Constitutional Health Network:
Prostate Cancer Treatment Linked to Alzheimer's
If you're a man and you're over 50, you're probably familiar with the PSA test for prostate cancer. It's hard to ignore. Like so many "regular screenings," you're reminded of it at every turn. Even though the U.S. Preventive Services Task Force stopped recommending it a couple of years ago, there's still a lot of pressure on men to get tested. However, for most men there's no real reason to do this. 
Back in 2012, the Preventive Services Task Force told us that PSA testing is a waste of time. They concluded that the harm outweighs the benefit. That it doesn't save lives. And that it does lead to a lot of unnecessary treatment. 
That hasn't stopped Big Medicine from pushing the test, of course. And it hasn't stopped them from profiting from aggressive and unnecessary treatment either. Now there's yet another reason to pass on PSA testing, and to think very carefully about your options if you are diagnosed with prostate cancer. 
It seems one of the most common treatments can double your chances of getting Alzheimer's. 

Prostate cancer is overdiagnosed and overtreated

Each year, around 233,000 men are diagnosed with prostate cancer. Fortunately, most prostate cancers are slow-developing, and only about 29,500 people die from it. In fact a large percentage of prostate cancers would never even cause a problem if they were simply left alone. That's not to say that every man should avoid aggressive treatment. But in the majority of cases a "wait and watch" attitude is the most sensible choice.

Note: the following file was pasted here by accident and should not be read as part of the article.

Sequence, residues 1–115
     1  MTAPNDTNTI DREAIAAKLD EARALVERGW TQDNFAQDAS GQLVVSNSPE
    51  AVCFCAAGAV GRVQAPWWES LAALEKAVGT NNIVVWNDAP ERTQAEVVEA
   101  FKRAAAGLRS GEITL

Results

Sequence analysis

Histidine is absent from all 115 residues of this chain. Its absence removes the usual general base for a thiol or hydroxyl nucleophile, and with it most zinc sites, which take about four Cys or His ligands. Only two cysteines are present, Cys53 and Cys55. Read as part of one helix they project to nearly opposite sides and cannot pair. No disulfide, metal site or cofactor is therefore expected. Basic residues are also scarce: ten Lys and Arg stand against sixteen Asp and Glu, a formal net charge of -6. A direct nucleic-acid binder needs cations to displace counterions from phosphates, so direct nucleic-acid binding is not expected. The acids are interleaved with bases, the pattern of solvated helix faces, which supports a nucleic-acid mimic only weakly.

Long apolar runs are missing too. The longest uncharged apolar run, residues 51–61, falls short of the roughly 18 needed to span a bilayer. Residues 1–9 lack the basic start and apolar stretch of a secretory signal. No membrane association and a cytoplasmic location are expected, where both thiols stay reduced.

Treatment consists of surgery, radiation therapy, hormone reduction, or a combination of all three. Each one has its own list of appalling side effects, from impotence to loss of bowel and bladder control. Many side effects are permanent. 
The first line of treatment is often hormone therapy — which does nothing to prolong your lifespan and has already been shown to be harmful for most men. Hormone therapy drastically reduces the amount of male hormones your body produces. It causes many of the same symptoms women have during menopause. Symptoms such as hot flashes. It often results in impotence. It can make you develop breasts — although this side effect can be eliminated by exposing your chest to radiation. It also raises your risk of diabetes, heart disease, and even death from heart disease. 
Now research finds that it also raises your risk of Alzheimer's disease. 

Low testosterone is linked to Alzheimer's

Although we don't know why, low testosterone is already associated with Alzheimer's. Low testosterone levels seem to contribute to the formation of beta-amyloid plaques, the abnormal clumps found in the brains of Alzheimer's patients. These plaques are one of the hallmarks of Alzheimer's disease. 
Testosterone is also important to healthy neurons, the cells that make up your brain. Recent research suggests that just one unhealthy neuron can affect those around it, possibly starting a chain reaction. It's speculated that testosterone's role in neural health may help explain the link between low levels of this hormone and Alzheimer's. The link is clear even if we don't yet understand why. And the most recent study made it even more obvious.